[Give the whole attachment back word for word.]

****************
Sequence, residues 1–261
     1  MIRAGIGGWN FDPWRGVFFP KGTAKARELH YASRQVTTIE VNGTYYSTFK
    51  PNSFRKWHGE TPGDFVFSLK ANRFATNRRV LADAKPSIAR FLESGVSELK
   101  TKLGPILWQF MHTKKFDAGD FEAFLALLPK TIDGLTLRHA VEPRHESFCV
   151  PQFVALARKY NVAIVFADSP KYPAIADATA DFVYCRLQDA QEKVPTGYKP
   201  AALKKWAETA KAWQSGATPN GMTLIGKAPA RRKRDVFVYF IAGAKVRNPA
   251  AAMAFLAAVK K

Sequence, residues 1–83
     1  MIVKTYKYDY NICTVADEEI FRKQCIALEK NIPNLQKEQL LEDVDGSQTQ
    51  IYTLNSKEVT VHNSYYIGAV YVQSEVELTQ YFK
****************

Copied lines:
Sequence, residues 1–261
     1  MIRAGIGGWN FDPWRGVFFP KGTAKARELH YASRQVTTIE VNGTYYSTFK
    51  PNSFRKWHGE TPGDFVFSLK ANRFATNRRV LADAKPSIAR FLESGVSELK
   101  TKLGPILWQF MHTKKFDAGD FEAFLALLPK TIDGLTLRHA VEPRHESFCV
   151  PQFVALARKY NVAIVFADSP KYPAIADATA DFVYCRLQDA QEKVPTGYKP
   201  AALKKWAETA KAWQSGATPN GMTLIGKAPA RRKRDVFVYF IAGAKVRNPA
   251  AAMAFLAAVK K

Sequence, residues 1–83
     1  MIVKTYKYDY NICTVADEEI FRKQCIALEK NIPNLQKEQL LEDVDGSQTQ
    51  IYTLNSKEVT VHNSYYIGAV YVQSEVELTQ YFK